The language has a single gender-neutral pronoun for living things and is quite easy to learn; the society is welcoming to those who can fit into it, all of them love children, marriage and divorce are done with a few phrases in a few minutes. Women bearing sons traditionally wait five years to conceive again, one year if it's a daughter, because daughters don't always want to go to war. While this would be an interesting and valid society, and it's more developed than a lot of the others in Star Wars, Traviss always portrays it as a desirable culture with several of people wanting in and no-one but a few degenerates wanting out, and with most Mandalorians believing themselves superior to all the other societies.

A question. Have you considered that since this is a Mandalorian POV series, Traviss is not going to have her Mandalorian characters start spewing anti-Mandalorian rhetoric? The Jedi and Sith never go around saying how flawed and imperfect they are, why should the Mandalorians have to?

Most society, real and fictional, believe themselves superior. You can't fault her for having the Mandalorians think that way, of course the warrior culture that once made the galaxy tremble is going to think that they are superior. And why aren't they? Unlike the Jedi who take in species and drum out everything that makes them individuals, hammering them into what they consider to be the accepted standard, Mandalorians are capable of accepting new ideas and don't care what personal customs you keep or what faith you have so long as you stick to seven simple rules that aren't hard to follow. There are downsides to the Mandalorian society but those are about how they interact with others, for the most part Mandalorians do have a very strong culture whose ability to take in any species and remain unaltered shows it's survivability.

Bellarius wrote:The character was a Jedi who had previously appeared in a book called Yoda: Dark Rendezvous who was noted to have little in the way of strength with the Force. This lack of ability was made up for by her resourcefulness, sheer determination and willingness to use very creative tactics to win battles. Yoda respected this, believing her to have a future ahead of her within the order as a result of this as did a number of older Jedi. Traviss appeared to only hear the part relating to Scout's lack of strength with the Force and as such she appeared within Traviss' novel stating that she had been thought of as worthless as a result of this. Thus contradicting not only her entire history but the core idea and basic aspects of her character.

I know about Scout. Yoda said she had a future in the Jedi, fine she did. As an agricultural worker. Remember how Mace Windu said no to Anakin because of his age even ignoring his massive force level? So what if she has those skills, the Jedi Knights need to have a certain standard and if Scout couldn't make that then other Council members aren't going to make her a Jedi Knight who isn't capable of using the Force to the degree a Jedi Knight needs to. Her skills could have her be useful in other places. And to be honest I think fans of that character should be pleased she lived, had she been a Jedi Knight like they'd wanted she'd be dead. In fact she would have become a Jedi Knight had Traviss gotten to write Imperial Commando 2.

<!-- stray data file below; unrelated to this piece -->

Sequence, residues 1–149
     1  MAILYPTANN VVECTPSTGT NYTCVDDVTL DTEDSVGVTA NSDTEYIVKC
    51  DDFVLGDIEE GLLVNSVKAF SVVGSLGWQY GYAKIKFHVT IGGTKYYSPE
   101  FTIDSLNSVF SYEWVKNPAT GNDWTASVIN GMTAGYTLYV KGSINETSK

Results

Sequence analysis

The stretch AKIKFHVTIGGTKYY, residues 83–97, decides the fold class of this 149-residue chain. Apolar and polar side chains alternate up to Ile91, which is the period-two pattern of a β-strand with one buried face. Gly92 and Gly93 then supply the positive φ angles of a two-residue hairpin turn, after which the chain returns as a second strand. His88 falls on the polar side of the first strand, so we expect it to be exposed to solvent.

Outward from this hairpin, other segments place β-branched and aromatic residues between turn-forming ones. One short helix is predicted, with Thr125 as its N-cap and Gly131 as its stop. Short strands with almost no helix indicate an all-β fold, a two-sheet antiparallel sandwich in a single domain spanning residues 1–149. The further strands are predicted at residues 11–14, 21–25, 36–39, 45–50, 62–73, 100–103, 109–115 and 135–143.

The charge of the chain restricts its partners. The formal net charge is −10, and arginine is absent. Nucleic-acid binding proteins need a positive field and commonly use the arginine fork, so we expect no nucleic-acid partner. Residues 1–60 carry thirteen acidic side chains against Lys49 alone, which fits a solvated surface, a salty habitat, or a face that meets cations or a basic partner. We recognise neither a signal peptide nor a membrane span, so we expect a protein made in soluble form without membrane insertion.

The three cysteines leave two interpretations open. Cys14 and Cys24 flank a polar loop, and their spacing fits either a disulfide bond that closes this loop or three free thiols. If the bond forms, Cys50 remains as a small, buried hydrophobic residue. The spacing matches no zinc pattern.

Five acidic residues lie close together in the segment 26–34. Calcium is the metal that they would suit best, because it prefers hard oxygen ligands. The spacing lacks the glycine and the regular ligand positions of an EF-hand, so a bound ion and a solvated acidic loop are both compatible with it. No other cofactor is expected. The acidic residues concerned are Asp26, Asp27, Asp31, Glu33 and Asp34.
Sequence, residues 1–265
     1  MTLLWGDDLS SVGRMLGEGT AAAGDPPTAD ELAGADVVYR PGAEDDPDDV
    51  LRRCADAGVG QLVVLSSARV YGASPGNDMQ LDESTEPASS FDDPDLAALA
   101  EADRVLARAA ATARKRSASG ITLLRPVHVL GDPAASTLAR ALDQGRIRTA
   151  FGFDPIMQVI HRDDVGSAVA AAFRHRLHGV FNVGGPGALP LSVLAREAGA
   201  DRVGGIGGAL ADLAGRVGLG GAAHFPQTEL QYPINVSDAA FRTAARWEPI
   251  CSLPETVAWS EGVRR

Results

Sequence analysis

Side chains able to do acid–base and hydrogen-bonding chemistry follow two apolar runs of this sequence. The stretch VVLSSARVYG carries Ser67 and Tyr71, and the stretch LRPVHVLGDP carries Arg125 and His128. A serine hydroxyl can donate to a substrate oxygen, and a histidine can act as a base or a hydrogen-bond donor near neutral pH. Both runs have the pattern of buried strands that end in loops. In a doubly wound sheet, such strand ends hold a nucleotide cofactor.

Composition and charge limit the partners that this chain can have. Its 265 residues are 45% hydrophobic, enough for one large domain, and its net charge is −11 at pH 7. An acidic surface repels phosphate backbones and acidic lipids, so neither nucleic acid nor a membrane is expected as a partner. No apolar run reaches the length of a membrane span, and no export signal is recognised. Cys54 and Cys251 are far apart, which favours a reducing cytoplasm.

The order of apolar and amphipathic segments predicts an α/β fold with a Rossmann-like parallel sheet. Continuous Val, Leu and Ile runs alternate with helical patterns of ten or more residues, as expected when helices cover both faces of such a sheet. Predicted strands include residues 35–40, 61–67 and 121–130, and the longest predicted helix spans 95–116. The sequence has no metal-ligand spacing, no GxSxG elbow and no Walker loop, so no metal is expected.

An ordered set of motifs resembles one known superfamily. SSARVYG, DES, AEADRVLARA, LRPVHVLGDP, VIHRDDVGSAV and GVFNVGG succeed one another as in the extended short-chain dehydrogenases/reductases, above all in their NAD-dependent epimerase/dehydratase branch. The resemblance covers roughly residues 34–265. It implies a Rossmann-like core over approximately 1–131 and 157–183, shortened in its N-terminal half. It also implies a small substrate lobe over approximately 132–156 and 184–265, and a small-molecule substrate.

http://starwars.wikia.com/wiki/Imperial_Commando_2

Bellarius wrote:•Luke Skywalker becomes an incredibly callous character during one book and begins leaping to conclusions, eventually executing a villain in cold blood with a movie quip. In spite of it being heavily against his character and the teachings he has followed for all of his adult life.

He's like that in Fate of the Jedi too. Can't blame Traviss for that, she didn't write anything in it. I blame Troy Denning, he is rapidly turning the Jedi Order into Knight Templars.

Bellarius wrote:Finally I'll finish on this note: Her writings apparently became so conflicting with the universe they were set in that the writers of the Clone Wars series retconned them out of existence in one episode, choosing the history of other writers over her own works.

I know exactly what you are talking about and it was that decision that ruined Star Wars for me. The Mandalorians are my favourite thing about Star Wars and those idiot writers ruined them, making them weak and pathetic pacifists who discarded the great warrior culture that Abel G. Pena wrote and Traviss expanded on. If they had actually invalidated Traviss's work I would have quit Star Wars all together and stuck with the books I already own, and ignored anything else that they release. Fortunately Traviss's Mandalorians still survive as the Clone Wars has not been declared full canon yet and even if it has, the Fakedalorians can be written off as a bad idea in a part of Star Wars that has largely been ruined as they eventually realised their warrior ways were superior and Fenn Shysa knocked sense back into them and formed the Mandalorian Protectors.